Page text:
Malaria is endemic in 13 of 64 districts of Bangladesh, representing a population at risk of about 27 million people. The highest rates of malaria in Bangladesh occur in the Chittagong Hill Districts, and Plasmodium falciparum (predominately chloroquine resistant) is the most prevalent species.
The objective of this research was to describe the epidemiology of symptomatic P. falciparum malaria in an area of Bangladesh following the introduction of a national malaria control program. We carried out surveillance for symptomatic malaria due to P. falciparum in two demographically defined unions of the Chittagong Hill Districts in Bangladesh, bordering western Myanmar, between October 2009 and May 2012. The association between sociodemographics and temporal and climate factors with symptomatic P. falciparum infection over two years of surveillance data was assessed. Risk factors for infection were determined using a multivariate regression model.
472 cases of symptomatic P. falciparum malaria cases were identified among 23,372 residents during the study period. Greater than 85% of cases occurred during the rainy season from May to October, and cases were highly clustered geographically within these two unions with more than 80% of infections occurring in areas that contain approximately one-third of the total population. Risk factors statistically associated with infection in a multivariate logistic regression model were living in the areas of high incidence, young age, and having an occupation including jhum cultivation and/or daily labor. Use of long lasting insecticide-treated bed nets was high (89.3%), but its use was not associated with decreased incidence of infection.
Citation: Ahmed S, Galagan S, Scobie H, Khyang J, Prue CS, Khan WA, et al. (2013) Malaria Hotspots Drive Hypoendemic Transmission in the Chittagong Hill Districts of Bangladesh. PLoS ONE 8(8): e69713. https://doi.org/10.1371/journal.pone.0069713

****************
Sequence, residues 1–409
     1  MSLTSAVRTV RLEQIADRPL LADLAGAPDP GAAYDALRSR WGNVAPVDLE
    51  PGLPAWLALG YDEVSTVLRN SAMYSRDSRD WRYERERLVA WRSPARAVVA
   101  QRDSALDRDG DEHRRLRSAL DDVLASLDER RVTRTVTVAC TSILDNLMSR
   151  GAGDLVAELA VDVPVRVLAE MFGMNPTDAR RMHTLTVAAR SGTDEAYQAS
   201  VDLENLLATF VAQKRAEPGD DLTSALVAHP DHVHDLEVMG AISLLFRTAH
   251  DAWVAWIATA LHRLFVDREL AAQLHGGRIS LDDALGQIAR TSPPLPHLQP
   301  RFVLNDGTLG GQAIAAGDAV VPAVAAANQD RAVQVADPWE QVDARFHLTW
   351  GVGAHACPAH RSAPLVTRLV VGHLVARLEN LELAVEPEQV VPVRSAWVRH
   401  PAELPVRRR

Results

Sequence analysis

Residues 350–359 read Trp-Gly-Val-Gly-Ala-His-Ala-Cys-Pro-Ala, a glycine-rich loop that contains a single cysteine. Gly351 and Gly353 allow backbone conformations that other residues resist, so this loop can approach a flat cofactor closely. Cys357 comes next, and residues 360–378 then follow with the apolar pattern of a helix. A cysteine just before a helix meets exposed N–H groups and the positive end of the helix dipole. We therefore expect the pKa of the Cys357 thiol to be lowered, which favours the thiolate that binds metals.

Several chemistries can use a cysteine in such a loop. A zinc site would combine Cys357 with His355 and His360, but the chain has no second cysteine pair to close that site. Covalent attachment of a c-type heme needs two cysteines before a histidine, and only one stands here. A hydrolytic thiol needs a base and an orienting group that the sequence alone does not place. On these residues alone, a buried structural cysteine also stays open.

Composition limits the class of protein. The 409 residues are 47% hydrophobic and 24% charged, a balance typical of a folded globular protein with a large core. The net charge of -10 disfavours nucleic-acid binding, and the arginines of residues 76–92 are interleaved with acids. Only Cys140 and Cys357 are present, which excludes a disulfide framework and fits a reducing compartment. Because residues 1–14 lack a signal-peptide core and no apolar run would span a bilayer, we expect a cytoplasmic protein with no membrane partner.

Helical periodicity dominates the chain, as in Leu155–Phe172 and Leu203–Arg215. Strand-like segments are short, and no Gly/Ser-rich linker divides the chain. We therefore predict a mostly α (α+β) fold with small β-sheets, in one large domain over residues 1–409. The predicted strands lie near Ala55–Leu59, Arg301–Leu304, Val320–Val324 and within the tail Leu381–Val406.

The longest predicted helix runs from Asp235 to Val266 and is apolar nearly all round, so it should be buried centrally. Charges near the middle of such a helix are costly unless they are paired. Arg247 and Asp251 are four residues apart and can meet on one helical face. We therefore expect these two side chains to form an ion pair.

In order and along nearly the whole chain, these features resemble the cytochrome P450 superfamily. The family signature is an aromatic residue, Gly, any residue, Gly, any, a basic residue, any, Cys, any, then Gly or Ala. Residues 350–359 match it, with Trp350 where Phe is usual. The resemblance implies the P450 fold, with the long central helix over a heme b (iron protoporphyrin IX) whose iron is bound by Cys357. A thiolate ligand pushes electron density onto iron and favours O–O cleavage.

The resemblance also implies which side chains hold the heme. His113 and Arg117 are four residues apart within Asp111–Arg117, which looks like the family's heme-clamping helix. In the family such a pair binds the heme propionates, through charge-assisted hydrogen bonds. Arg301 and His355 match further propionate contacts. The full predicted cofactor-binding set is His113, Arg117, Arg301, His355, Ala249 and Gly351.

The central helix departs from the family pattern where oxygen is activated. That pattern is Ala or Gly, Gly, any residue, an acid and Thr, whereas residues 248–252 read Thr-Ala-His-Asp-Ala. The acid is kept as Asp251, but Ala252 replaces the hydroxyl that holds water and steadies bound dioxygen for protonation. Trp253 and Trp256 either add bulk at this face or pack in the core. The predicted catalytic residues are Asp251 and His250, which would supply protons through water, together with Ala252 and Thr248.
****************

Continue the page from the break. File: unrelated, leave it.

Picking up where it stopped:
Editor: Nicholas J. White, Mahidol University, Thailand
Received: March 13, 2013; Accepted: June 11, 2013; Published: August 6, 2013
Copyright: © 2013 Ahmed et al. This is an open-access article distributed under the terms of the Creative Commons Attribution License, which permits unrestricted use, distribution, and reproduction in any medium, provided the original author and source are credited.
Funding: This research activity was carried out with funding from the Johns Hopkins Malaria Research Institute (JHMRI) to cover costs at the International Centre for Diarrhoeal Disease Research, Bangladesh (icddr,b) as well as partially support personnel costs of faculty at Johns Hopkins. The research was carried out through this joint project between the two institutions. After the JHMRI approved the general scope of work for the overall research activity (“Mapping Malaria in Bangladesh”), the JHMRI had no role in study design, data collection, analysis, decision to publish or preparation of the manuscript.
Competing interests: The authors have declared that no competing interests exist.
Malaria is endemic in 106 countries globally and caused an estimated 216 million cases and between 655,000 and 1.2 million deaths in 2010 , . Hypoendemic malaria transmission, defined as transmission where less than 10% of 2–9 year olds are positive for malaria parasites, currently threatens over one billion people in South and Southeast Asia . In hypoendemic settings, transmission is unstable and tends to occur in seasonal outbreaks based on climatic factors –. Furthermore, a higher proportion of malaria cases are symptomatic, and severe malaria tends to occur at any age due to lack of meaningful immunity from decreased exposure to malaria parasites, in contrast to high transmission areas of sub-Saharan Africa , . Understanding the patterns of transmission and risk factors for malaria infection in these hypoendemic areas is essential for developing effective malaria control strategies, especially as programs aim toward elimination.